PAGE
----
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When IBD Makes You Question Your Sanity.

When IBD Makes You Question Your Sanity

If you’ve lived with inflammatory bowel disease (IBD) for any length of time, you know all too well how serious it can get. It’s rare, but people have actually died from Crohn’s and UC or the complications that come with the diseases. In the beginning when you’re not very familiar with the conditions (and even sometimes when you’re well acquainted with IBD) you may start to question your sanity. I know I did more than once.


Right after diagnosis, I had a meeting with the GI who diagnosed me. She told me that most people go on to live normal lives. “There are many athletes who do really well and continue their careers,” she assured me, “You’d never know they have IBD!” She also told me that many people flare only once and never have a problem again. While this gave me hope right after my diagnosis with ulcerative colitis and made me feel better, it was NOT helpful.

For me, things never really got “better.”

I was on steroids, nine HUGE orange pills and several other vitamins and supplements a day. The diarrhea and the blood continued. My mom has Crohn’s disease. She’s only had one really bad bout with Crohn’s and has gone on to live a normal life. Why weren’t things improving for me? I remember calling her one afternoon questioning her about the blood. “Oh, well, you’ve been diagnosed with IBD. Things will never be the same again!” Wait a minute… didn’t she just tell me a lot of people went on to live normal lives? And what about my mom’s case?

By the way, I was told by two different GI doctors (not specializing in IBD) that blood was normal because I have UC. Later on, I was told by an IBD expert that blood was NOT ok and I should never accept the fact that I was constantly having GI bleeds. Don’t you just love conflicting information??? Is it really any wonder why patients question the state of their mental health?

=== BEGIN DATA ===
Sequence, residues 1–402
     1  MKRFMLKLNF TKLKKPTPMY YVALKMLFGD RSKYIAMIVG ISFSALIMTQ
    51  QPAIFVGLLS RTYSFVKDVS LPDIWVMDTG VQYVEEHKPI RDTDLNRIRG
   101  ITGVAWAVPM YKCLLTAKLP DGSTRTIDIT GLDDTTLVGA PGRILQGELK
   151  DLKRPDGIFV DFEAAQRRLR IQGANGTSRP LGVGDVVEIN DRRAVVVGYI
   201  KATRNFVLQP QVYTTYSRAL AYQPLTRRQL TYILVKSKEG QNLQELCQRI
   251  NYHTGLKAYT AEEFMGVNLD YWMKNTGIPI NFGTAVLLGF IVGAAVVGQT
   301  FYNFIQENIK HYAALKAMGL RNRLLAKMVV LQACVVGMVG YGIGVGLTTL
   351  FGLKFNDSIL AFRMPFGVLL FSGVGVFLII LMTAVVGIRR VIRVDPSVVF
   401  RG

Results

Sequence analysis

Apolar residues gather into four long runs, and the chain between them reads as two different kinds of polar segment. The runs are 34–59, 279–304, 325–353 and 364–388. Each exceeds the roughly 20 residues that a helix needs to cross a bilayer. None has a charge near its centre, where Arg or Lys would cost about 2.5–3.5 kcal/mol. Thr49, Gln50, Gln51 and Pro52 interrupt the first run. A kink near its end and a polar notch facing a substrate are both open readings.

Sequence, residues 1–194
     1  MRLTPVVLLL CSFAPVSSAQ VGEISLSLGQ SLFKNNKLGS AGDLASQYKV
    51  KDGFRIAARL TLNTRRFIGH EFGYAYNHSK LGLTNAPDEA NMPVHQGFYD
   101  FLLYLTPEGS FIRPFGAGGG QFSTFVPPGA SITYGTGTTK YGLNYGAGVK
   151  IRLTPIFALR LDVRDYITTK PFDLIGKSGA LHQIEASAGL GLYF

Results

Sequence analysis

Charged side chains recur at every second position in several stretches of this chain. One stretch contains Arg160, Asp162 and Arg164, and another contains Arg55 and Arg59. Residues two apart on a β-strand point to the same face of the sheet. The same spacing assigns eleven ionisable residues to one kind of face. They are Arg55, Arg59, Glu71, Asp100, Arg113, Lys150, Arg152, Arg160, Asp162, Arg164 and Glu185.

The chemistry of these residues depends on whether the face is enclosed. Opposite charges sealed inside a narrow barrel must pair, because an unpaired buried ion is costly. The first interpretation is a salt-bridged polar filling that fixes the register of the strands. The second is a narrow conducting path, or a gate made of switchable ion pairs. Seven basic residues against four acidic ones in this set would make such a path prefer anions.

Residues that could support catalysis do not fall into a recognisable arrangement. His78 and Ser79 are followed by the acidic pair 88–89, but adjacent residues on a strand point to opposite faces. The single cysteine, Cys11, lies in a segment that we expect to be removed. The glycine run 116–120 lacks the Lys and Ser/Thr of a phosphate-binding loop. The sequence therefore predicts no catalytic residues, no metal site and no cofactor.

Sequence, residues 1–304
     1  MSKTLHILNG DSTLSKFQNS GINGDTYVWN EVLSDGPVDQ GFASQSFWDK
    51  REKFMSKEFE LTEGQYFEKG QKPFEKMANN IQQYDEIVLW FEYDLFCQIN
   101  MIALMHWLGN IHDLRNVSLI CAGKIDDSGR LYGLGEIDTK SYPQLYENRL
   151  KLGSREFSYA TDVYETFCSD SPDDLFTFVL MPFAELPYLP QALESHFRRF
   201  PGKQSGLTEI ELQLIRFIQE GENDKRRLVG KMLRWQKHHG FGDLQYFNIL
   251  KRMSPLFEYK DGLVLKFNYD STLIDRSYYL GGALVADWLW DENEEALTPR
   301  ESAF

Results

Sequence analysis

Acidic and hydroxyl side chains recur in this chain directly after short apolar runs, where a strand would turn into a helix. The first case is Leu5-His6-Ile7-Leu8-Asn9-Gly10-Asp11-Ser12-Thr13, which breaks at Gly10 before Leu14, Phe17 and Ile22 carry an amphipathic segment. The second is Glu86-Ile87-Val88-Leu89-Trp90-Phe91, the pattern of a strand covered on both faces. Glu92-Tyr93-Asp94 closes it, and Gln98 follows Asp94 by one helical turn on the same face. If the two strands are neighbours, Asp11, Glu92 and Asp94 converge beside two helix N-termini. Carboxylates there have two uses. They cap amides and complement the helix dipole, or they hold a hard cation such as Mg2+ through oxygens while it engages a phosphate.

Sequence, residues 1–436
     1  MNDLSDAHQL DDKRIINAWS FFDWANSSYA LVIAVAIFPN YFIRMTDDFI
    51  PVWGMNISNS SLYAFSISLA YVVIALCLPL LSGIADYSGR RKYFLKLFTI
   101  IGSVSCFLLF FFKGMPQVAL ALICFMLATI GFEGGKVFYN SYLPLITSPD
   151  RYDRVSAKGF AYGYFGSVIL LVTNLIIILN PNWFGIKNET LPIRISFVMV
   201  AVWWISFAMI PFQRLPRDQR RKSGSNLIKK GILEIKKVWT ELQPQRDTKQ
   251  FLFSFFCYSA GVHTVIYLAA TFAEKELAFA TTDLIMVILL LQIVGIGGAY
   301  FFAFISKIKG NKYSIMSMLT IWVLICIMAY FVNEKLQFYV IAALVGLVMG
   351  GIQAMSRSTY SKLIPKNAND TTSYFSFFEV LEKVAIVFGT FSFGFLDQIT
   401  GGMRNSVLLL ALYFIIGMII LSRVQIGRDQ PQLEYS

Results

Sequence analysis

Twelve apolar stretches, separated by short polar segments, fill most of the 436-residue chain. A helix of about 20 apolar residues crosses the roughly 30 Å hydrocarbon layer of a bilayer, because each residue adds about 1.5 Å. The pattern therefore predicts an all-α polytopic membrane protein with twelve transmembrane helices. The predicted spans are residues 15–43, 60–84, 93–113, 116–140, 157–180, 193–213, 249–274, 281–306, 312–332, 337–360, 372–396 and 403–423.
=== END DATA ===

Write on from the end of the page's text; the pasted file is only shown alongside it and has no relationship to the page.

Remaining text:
With so much clashing information out there, it’s easy to wonder just how sick you really are.

Not to mention the doubters. You know the ones… people in your inner circle who downplay your disease because their uncle’s wife’s cousin’s grandpa is on medications that control his IBD beautifully… you must not be doing something right otherwise you’d be better, too.

Another thing about my own battle with UC was the fact that I was able to work most days (granted, I had the opportunity to work from home when needed). During my worst flare, I was able to work. It wasn’t easy, but I did it. I had to! How else was I going to pay my medical bills? This, too, made me question how sick I really was… and maybe it was all in my head?

Add all this doubt to the steroids we often have to take, (which make you feel crazy anyway) and you really wonder just how sane you are.

The truth is, you’re NOT crazy. You are sick.

You really do have a disease and it really is as bad as it makes you feel. IBD is no picnic. If you didn’t keep up with your treatments, you would be much worse off. It is so important to do your research and look for good resources. Read up and really get to know your disease. Knowledge is power. And it will help you feel a little less crazy when your doctor tells you that bleeding is “normal” when you know for a fact, it isn’t.

This article represents the opinions, thoughts, and experiences of the author; none of this content has been paid for by any advertiser. The team does not recommend or endorse any products or treatments discussed herein. Learn more about how we maintain editorial integrity here.


  • thedancingcrohnie moderator
    12 months ago

    Oh goodness, I can’t believe a doc told you that bleeding was okay! It really does go to show, like you say, that you must research and gain knowledge about your condition so that you can be your own advocate. Bleeding is never okay!

    Always dancing,
    Elizabeth (team member)

  • Sickforever
    2 years ago

    Having crohns disease definitely has made me question my sanity ! I have severe depression and anxiety because of the fact every morning I wake up I wonder what today will bring, for me usually pain and nausea meds. The fatigue and missing out on the enjoyment of life drive’s me crazy !!!!

  • hbdahlgren
    3 years ago

    I somehow have managed to remain in remission for 11 yrs after having a bowel resection and every complication known to man prior to that (bowel obstruction, fistula, stricture, perforation, etc). I took Imuran for 4 yrs after surgery, then stopped, and knock on wood….So far, so good…

  • Kelly Dabel moderator
    3 years ago

    Thank you for sharing “hbdahlgren”. So glad to hear that you are feeling well. Wishing you continued relief. Thank you for being part of our community. Kelly, Team Member

  • Lisa
    2 years ago

    Very well written. I question my sanity every waking moment. Today I had what I call, “a pain episode”. This one took my breath away. I was driving home praying to God that it stop soon. I was in tears thinking that I do not want to live like this anymore. My pain episode passed but it drained any bit of energy I had. Thanks for sharing this…we are not alone.

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